“These hats are expensive, you know.”

“I know. I meant where can I find a used one for Purim? Do you know anybody with an old hat?”

“If only you would come to my house,” he replied. “I have a couple old ones that I could lend you.”

Chaim didn’t know how serious I was about my Purim costume. He didn’t know that I went to the Mir Yeshiva knocking on the dorms to find a black hat or that I had just been in Neturei Karta central the day before. “Be careful what you offer. I really would come to your house to get it.”

“Take my details.”

I started typing Chaim’s number and he began to look antsy – his bus was arriving. I finished typing and was not sure what to expect. Was Chaim actually about to bring a complete stranger to his home and lend him a pricey hat?

As I finished the last digit, Chaim took his hat off his head and handed it to me. “This is your hat!” I protested. But Chaim was already running to his bus, saying, “It’s okay, I have more at home!” After Purim I called Chaim to figure out how to return the hat to him, but he insisted I keep it for next year.

* * *

The author wears the final product and blurs his face to avoid issues with future employers.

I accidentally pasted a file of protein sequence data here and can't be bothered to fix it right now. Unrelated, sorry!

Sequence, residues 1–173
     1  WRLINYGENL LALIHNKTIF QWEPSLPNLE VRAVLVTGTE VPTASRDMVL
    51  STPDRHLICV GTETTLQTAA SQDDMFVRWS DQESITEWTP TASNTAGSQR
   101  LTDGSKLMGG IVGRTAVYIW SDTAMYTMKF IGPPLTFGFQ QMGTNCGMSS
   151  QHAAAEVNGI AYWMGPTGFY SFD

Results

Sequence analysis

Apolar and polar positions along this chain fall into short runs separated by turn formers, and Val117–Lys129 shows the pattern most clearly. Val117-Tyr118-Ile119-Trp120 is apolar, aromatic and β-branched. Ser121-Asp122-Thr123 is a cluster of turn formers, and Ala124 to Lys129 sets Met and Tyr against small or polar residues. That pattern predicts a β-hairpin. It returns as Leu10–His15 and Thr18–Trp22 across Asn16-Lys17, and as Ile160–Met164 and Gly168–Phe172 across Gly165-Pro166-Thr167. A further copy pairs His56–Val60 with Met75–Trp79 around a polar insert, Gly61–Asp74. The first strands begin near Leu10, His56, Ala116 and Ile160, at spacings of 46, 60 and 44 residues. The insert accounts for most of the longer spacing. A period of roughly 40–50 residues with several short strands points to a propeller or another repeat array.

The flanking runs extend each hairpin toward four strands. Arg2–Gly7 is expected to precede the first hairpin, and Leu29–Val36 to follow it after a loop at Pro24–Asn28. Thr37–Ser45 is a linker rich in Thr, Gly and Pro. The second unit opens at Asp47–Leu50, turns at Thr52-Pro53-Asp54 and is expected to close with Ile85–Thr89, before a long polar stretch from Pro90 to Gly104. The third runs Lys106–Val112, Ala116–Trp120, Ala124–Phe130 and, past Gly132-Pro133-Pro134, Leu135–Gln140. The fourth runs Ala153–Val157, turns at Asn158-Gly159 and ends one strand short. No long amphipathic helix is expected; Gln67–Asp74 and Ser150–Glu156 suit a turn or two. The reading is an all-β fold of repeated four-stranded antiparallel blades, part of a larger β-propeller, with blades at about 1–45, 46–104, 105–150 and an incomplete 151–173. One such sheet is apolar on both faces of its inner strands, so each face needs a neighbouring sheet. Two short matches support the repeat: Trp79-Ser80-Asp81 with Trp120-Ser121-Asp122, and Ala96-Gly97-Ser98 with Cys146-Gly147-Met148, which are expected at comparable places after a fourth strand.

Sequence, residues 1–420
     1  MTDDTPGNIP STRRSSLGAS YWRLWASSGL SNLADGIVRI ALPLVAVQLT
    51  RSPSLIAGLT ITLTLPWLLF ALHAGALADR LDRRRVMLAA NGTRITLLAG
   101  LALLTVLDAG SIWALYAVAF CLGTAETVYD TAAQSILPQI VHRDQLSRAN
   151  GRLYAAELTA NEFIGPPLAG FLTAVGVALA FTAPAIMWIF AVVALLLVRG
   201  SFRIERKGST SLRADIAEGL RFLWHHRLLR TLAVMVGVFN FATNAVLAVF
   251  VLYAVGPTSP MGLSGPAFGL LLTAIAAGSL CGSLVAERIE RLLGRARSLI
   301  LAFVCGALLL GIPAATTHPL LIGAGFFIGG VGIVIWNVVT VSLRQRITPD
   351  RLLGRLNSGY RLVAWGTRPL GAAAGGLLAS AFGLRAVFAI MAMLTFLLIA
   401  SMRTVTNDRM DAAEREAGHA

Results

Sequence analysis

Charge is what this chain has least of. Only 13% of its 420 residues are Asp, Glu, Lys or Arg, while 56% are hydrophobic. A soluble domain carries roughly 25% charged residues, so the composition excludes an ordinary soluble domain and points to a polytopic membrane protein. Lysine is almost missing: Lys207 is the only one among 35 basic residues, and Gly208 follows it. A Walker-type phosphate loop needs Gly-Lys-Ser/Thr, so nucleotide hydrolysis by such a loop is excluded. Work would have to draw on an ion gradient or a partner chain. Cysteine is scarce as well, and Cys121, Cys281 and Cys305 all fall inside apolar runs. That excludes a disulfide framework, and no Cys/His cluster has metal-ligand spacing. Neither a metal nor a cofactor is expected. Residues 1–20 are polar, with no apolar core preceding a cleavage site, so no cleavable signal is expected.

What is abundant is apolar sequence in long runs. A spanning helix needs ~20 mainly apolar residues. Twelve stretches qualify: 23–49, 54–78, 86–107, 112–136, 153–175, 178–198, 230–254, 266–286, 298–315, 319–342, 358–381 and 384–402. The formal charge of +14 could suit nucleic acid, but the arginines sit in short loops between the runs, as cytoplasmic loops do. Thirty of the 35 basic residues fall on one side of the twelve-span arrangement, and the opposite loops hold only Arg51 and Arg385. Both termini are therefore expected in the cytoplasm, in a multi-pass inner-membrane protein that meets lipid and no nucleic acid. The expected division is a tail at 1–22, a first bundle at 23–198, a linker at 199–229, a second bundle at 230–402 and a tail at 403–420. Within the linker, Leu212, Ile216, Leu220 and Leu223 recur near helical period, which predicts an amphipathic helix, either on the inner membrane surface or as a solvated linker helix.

Every Purim we read a story that does not mention G-d’s Name explicitly, but beneath the surface He is running the show. While this blog post did not mention G-d, it is clear that He orchestrated many moments to help me build my costume. Our lives, too, are full of stories in which G-d’s Name is not mentioned unless we search for Him. Let us unclothe G-d’s costume of nature and recognize His everyday involvement in our lives.

Oh, and I’d love to tell you the reactions I got from the costume, but it was Purim, so I cannot remember a thing.

About the Author
Shlomo Deutsch is a Yeshiva student who often finds himself conversing with very different people. His typical morning could include: praying at the Kotel with a group of 'settlers', followed by listening to Mohammed, his former (long story) 17 year old Muslim friend, dream about his ‘right of return.’ He would then call the US to catch up with his Open Orthodox chavruta as he walks to Mea Shearim to learn with a friend from Lakewood. Shlomo listens to all these opinions and tries to make some sense of them here on his Times of Israel blog.